Sexual Abuse : Sexual abuse occurs when a child is used by another person for his or her sexual gratification or arousal, or for that of others. This form of abuse can range from inappropriate suggestions to sexual intercourse. It includes intentional touching or molesting. Encouraging children to look at pornographic material or to behave in sexually inappropriate ways also constitutes sexual abuse.
Dealing with child abuse is rarely straightforward. In some cases a child’s disturbed behaviour or an injury may suggest that a child has been abused. In many situations however, the signs will not be clear-cut and decisions as to what action to take can also be difficult.
The following indicators of abuse should be noted. The presence of one or more indicators is not proof that abuse is actually taking place. The list is not exhaustive.
- Unexplained changes in behaviour.
- Becoming withdrawn or aggressive.
- Regressive behaviour.
- Difficulties in making friends.
- Distrustful of adults.
- Excessive attachment to adults.
- Sudden drop in sporting performance.
- Changes in attendance pattern.
- Inappropriate sexual awareness, behaviour or language.
- Unusual reluctance to remove clothing.
- Unusual reluctance to go home.
- Bruises or injuries untypical of the sport.
- Injuries for which the explanation seems inconsistent.
- Signs of discomfort or pain.
- Torn of bloodstained clothing.
- Bullying may include several forms of abuse. It is the firm policy of the Association that bullying, in any form or circumstances, will not be tolerated and a prompt and decisive response will be made to any indication that it is taking place.
- Bullying can be defined as repeated aggression (verbal, psychological or physical) conducted by an individual or group against others. It is behaviour that is intentionally aggravating and intimidating. It includes behaviours such as teasing, taunting, threatening, physical violence or extortion by one or more against the victim.
- Bullying can occur child-to-child, adult-to-child or indeed child-to-adult.
- It is the responsibility of all Members of ASKO to deal with bullying that may take place or to refer the situation to members of the Board for action. Incidents of bullying will be dealt with immediately and will not be tolerated under any circumstances.
- Many children are reluctant to tell adults that they are being bullied, for fear of ridicule, inaction or further intimidation if the circumstances are made public. It is important to remember that bullying also takes place in older age groups. Older children are even more reluctant to report the fact that they are being bullied. This underlines the need for constant vigilance and encouragement to report.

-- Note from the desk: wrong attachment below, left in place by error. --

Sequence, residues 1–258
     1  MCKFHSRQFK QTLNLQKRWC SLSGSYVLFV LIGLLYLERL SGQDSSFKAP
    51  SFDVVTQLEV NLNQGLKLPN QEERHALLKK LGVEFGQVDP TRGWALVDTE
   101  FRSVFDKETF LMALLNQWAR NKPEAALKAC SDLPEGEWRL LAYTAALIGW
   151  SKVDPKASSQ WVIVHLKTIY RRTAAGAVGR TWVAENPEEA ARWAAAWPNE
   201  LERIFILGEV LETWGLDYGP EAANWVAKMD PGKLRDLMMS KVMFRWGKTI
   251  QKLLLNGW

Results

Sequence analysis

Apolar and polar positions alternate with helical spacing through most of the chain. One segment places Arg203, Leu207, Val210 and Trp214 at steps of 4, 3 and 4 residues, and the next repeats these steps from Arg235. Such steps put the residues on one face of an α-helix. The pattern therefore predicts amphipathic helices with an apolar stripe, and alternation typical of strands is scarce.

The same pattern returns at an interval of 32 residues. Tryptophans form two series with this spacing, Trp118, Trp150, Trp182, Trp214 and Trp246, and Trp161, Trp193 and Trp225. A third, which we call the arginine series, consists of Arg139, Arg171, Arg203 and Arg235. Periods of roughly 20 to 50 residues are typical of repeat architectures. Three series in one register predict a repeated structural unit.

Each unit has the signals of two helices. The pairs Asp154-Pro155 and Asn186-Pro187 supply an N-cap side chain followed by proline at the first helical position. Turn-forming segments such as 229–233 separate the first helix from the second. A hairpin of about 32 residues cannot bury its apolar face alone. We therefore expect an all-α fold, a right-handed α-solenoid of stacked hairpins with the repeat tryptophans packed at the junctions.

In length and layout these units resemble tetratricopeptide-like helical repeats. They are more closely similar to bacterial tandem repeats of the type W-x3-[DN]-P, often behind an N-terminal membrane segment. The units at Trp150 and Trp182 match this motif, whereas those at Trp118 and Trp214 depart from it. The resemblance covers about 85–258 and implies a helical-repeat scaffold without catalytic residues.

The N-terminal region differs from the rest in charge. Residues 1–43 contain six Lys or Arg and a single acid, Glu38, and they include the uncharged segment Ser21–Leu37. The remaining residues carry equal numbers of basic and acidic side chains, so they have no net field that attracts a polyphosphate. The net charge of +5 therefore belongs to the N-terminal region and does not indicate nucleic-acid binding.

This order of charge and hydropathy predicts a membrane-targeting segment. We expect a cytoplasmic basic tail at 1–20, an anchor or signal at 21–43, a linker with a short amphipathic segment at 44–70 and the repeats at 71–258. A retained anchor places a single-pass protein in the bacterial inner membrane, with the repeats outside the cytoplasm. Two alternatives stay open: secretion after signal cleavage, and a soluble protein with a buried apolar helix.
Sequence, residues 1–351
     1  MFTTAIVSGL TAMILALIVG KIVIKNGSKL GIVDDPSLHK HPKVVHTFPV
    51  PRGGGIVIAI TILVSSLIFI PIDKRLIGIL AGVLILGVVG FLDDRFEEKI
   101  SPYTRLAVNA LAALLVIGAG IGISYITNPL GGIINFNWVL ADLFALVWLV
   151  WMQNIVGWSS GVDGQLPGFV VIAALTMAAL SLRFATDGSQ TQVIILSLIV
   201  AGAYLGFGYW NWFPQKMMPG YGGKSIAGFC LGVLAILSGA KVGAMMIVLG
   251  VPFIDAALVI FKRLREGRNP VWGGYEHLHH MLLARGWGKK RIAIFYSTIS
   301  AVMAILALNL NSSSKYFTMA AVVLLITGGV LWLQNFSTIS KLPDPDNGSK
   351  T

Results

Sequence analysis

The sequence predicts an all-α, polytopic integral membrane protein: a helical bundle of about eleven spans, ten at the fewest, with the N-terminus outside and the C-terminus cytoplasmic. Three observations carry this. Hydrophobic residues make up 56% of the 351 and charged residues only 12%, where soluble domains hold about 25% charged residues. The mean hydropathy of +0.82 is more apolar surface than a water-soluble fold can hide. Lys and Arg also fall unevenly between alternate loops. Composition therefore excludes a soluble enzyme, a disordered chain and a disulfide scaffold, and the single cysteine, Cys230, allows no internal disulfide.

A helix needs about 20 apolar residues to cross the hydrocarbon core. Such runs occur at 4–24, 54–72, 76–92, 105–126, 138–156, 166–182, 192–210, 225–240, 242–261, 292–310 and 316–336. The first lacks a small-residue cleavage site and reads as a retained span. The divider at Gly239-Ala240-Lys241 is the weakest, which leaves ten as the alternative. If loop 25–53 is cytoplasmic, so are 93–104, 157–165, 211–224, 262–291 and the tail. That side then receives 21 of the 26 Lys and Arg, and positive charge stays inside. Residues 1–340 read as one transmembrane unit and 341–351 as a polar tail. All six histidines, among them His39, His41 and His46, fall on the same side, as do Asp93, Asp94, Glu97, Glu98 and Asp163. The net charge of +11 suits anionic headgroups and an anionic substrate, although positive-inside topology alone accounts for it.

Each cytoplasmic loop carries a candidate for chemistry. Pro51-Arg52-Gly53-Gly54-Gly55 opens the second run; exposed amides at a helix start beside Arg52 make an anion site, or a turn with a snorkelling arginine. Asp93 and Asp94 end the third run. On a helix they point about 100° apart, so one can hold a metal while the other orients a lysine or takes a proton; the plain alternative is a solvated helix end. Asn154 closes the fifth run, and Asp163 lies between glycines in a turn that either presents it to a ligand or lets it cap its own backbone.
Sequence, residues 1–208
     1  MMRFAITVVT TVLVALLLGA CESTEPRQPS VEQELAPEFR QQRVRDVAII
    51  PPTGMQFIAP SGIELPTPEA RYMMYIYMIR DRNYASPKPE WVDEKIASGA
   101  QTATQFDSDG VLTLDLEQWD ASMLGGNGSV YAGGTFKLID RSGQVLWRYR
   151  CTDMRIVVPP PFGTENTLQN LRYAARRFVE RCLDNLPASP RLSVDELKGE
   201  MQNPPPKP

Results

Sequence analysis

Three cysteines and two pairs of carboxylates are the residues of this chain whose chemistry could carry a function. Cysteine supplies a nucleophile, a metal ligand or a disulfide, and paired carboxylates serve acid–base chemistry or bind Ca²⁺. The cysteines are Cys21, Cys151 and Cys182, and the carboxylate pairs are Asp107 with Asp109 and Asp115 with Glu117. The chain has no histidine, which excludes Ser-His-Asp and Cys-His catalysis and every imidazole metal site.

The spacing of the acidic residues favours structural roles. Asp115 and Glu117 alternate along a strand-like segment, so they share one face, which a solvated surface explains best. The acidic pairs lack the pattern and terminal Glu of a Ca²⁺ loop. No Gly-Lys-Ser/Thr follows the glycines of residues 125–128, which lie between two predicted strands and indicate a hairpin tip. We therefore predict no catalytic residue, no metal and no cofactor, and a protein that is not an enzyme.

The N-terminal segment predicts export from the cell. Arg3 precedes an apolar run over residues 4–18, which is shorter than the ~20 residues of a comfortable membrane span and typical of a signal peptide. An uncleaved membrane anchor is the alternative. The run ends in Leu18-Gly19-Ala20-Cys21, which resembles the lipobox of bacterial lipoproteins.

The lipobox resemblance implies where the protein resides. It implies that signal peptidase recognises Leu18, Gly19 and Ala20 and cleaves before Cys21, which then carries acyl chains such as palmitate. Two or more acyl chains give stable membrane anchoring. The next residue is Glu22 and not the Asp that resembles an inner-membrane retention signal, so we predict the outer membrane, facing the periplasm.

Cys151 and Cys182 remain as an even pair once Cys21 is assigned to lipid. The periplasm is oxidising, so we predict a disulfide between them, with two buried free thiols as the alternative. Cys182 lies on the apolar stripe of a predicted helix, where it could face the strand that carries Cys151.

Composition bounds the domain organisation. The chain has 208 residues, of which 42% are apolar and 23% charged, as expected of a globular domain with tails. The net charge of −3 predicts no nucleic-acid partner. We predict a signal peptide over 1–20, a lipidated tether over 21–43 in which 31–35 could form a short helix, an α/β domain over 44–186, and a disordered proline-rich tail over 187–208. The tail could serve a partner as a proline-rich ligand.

- If an allegation of bullying is reported to the Board, and if the problem cannot be resolved informally, immediate steps will be taken to convene the
Associations Trustees. All relevant parties will be interviewed and an independent decision will be made. The Trustees will then report to the Board and make recommendations. The board will be the final arbitrator as whatever action it considers appropriate in the circumstances.
Code for Instructors and Coaches
- You are a role model, always lead by example.
- Be on time.
- The extent of your duty of care is greatly increased as an instructor of an under-age class.
- Be generous with your praise when it is deserved.
- Encourage a sense of team spirit amongst all participants.
- Watch out for bullying.
- Watch your language.
- Never ridicule a student for making mistakes.
- Screaming abuse or unrealistic instructions never improved a student’s performance.
- Be reasonable in your demands on your student’s time. Remember that they have other interests that should also be encouraged.
- Winning is important but not the only objective. Competition is an integral part for those training Karate. A balanced approach to competition can make a significant contribution to student’s development while at the same time providing fun, enjoyment and satisfaction. Through such competitions students learn respect for opponents, officials and rules of the sport.
- Develop respect for the ability of opponents.
- Insist on disciplined and fair play.
- Set realistic goals.
Code for Students
- Be on time.
- Train for your own enjoyment, not to please parents, instructors or coaches.
- Learn the rules of the sport and abide by them.
- Respect your opponents. Treat them, as you would like to be treated.